Aaliyah's Estate Calls Out "Unscrupulous Endeavor" to Release Late Star's Music

Without naming names, Aaliyah's estate said it's "battled... shadowy tactics of deception" as her former record label prepares to re-release her music.

By Elyse Dupre Aug 06, 2021 12:30 AMTags
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It's been nearly two decades since Aaliyah tragically died in a plane crash at the age of 22. While her legacy lives on, much of her music has been kept off digital music services and out of print.

But on Aug. 5, her record label Blackground Records announced that, through its new partnership with distributor EMPIRE, the late singer's music will be made available on all major digital streaming platforms and physical albums, starting with One in a Million on Aug. 20. Aaliyah's work—including the Romeo Must Die soundtrack, her 2001 self-titled album and two compilations I Care 4 U and Ultimate Aaliyah—will then be rolled out over the following weeks.

For years, fans have called for the catalog's release. And while there were glimmers of hope, they never came to fruition. The reason for this isn't fully clear. But in a statement shared to Instagram just hours after the announcement, The Estate of Aaliyah Haughton gave its reaction to the most recent news.

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"Protecting Aaliyah's legacy is, and will always be, our focus. For 20 years we have battled behind the scenes, enduring shadowy tactics of deception with unauthorized projects targeted to tarnish," the statement, without naming names, read. "We have always been confused as to why there is such a tenacity in causing more pain alongside what we already have to cope with for the rest of our lives. Now, in this 20th year, this unscrupulous endeavor to release Aaliyah's music without any transparency or full accounting to the estate compels our hearts to express a word—forgiveness."

While the estate vowed to "continue to defend ourselves and her legacy lawfully and justly," it noted "we want to preempt the inevitable attacks on our character by all the individuals who have emerged from the shadows to leech off of Aaliyah's life's work."

"Ultimately, we desire closure," the statement concluded, "and a modicum of peace so we can facilitate the growth of the Aaliyah Memorial Fund and other creative projects that embody Aaliyah's true essence, which is to inspire strength and positivity for people of all creeds, races and cultures around the world."

Aaliyah's close friend and collaborator Missy Elliott expressed support for the estate by retweeting the statement.

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The estate is run by Aaliyah LLC on behalf of her mother Diane Haughton and brother Rashad Haughton. Meanwhile, Blackground Records was founded by Aaliyah uncle's Barry Hankerson. In a new interview with Billboard, he said he hasn't spoken to his sister or nephew regularly since Aaliyah's death. 

According to the magazine, Hankerson started taking meetings for the distributor deal after seeing an August 2020 tweet from the estate that announced communication had "commenced between the estate and various record labels about the status of Aaliyah's music catalogue, as well as availability on streaming platforms in the near future."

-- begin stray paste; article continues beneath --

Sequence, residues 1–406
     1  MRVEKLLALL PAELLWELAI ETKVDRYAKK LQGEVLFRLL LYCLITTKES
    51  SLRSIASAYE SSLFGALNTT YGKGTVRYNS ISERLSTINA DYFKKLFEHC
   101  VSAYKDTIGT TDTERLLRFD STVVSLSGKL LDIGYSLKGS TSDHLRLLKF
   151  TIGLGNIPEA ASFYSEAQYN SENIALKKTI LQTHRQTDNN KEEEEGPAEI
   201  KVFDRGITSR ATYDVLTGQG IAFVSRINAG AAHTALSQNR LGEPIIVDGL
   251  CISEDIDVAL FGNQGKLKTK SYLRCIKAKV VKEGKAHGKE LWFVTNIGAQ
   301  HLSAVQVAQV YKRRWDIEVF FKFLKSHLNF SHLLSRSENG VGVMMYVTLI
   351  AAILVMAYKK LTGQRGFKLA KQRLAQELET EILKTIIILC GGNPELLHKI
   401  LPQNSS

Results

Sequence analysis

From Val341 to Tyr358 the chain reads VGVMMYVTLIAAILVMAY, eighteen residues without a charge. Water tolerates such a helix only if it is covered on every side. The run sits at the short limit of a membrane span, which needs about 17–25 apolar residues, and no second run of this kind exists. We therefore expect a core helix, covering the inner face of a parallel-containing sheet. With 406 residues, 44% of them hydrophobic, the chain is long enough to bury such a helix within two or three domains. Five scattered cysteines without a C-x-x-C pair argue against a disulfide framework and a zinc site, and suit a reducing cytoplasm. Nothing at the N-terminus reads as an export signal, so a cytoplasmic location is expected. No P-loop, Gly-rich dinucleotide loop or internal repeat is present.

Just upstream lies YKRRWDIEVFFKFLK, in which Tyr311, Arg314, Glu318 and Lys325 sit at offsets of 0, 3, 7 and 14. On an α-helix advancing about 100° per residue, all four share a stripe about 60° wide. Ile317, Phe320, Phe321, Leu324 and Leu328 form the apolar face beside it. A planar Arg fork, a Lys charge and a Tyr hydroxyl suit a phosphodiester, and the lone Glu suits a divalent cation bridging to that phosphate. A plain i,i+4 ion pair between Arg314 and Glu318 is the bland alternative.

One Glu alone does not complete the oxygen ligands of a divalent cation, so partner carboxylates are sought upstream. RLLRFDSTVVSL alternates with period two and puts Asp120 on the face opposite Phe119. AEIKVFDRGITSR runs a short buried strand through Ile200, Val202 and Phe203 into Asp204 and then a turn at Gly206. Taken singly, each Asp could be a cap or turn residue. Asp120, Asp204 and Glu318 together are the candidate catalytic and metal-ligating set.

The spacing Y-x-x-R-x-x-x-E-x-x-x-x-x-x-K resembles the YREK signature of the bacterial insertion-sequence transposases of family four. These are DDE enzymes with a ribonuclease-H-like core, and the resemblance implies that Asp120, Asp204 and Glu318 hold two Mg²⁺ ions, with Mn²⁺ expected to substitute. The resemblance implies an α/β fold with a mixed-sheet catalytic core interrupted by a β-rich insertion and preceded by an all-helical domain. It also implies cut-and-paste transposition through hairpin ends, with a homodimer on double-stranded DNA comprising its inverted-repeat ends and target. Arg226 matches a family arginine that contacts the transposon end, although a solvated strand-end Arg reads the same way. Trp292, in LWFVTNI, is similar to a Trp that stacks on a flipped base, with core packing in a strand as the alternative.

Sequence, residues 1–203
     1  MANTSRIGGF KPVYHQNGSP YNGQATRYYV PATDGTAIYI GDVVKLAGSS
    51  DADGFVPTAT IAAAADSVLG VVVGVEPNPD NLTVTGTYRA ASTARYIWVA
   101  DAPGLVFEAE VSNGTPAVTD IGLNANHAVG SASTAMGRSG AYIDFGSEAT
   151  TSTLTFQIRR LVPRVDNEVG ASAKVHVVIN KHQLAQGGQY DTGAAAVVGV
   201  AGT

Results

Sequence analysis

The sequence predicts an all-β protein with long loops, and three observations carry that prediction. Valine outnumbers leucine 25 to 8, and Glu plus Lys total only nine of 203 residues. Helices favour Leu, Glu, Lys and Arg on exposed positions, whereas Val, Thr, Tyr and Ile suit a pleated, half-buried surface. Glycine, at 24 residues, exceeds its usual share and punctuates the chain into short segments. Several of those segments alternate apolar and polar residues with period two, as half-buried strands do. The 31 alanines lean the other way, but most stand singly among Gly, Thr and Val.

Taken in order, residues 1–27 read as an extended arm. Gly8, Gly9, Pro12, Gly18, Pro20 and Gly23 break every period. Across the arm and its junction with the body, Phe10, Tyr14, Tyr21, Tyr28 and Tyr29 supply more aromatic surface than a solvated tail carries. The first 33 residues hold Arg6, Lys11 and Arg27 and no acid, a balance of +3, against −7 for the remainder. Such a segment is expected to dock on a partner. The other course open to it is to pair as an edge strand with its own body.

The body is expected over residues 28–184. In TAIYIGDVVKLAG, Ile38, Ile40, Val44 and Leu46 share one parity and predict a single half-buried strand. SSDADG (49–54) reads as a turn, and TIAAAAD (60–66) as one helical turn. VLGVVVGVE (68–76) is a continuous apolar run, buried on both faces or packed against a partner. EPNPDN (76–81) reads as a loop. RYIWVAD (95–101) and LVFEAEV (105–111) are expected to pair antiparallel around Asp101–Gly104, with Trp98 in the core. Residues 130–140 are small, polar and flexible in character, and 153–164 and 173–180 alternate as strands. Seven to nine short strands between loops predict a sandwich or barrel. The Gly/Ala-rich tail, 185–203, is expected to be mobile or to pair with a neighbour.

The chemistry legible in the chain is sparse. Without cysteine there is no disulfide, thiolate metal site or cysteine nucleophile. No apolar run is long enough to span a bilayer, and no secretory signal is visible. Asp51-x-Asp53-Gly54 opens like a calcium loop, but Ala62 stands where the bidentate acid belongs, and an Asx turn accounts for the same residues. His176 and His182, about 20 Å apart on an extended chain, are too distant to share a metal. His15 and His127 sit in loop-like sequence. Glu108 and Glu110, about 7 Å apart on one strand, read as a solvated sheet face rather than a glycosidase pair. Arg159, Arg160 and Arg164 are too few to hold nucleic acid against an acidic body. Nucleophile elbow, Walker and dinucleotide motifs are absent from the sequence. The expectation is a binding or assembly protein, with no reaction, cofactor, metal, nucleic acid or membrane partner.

But in January, the estate shared a new message with fans. "We hear you and we see you," it tweeted. "While we share your sentiments and desire to have Aaliyah's music released, we must acknowledge that these matters are not within our control and, unfortunately, take time. Our inability to share Aaliyah's music and artistry with the world has been as difficult for us as it has been for all of you. Our priority has always been and will continue to be Aaliyah's music."

"In the meantime, however, we are working diligently to protect what is in our control—Aaliyah's brand, legacy and intellectual property," the statement continued. "While we understand this may be challenging, we need the support of the fans Aaliyah loved so dearly, until we can resolve all the issues in freeing her music."

Watch: Remembering Aaliyah: E! News Rewind

According to Billboard, the estate reached out to Blackground Records asking to be involved in finding a distributor. But per the magazine, the estate said it learned the EMPIRE deal was happening after it was final and without any input. A rep for Blackground Records told the outlet Hankerson "has made several efforts to share his plans directly with the estate and those efforts were met with silence." 

"Aaliyah's estate has always been ready to share Aaliyah's musical legacy but has been met with contention and a gross lack of transparency," Aaliyah LLC attorney Paul LiCalsi said in a statement to E! News. "For almost 20 years, Blackground has failed to account to the estate with any regularity in accordance with her recording contracts. In addition, the estate was not made aware of the impending release of the catalog until after the deal was complete and plans were in place. The estate has demanded that Blackground provide a full account of its past earnings, and full disclosure of the terms of its new deal to distribute Aaliyah's long embargoed music."

Blackground Records' response? "The estate will receive everything that it is entitled to receive pursuant to the terms of our agreement," a representative said to the magazine, adding that a royalty payment was made earlier this year. "Blackground has shared our rollout plans with representatives for the estate and provided them with the opportunity to participate and provide input and the estate elected not to do so."

E! News reached out to all parties involved for comment.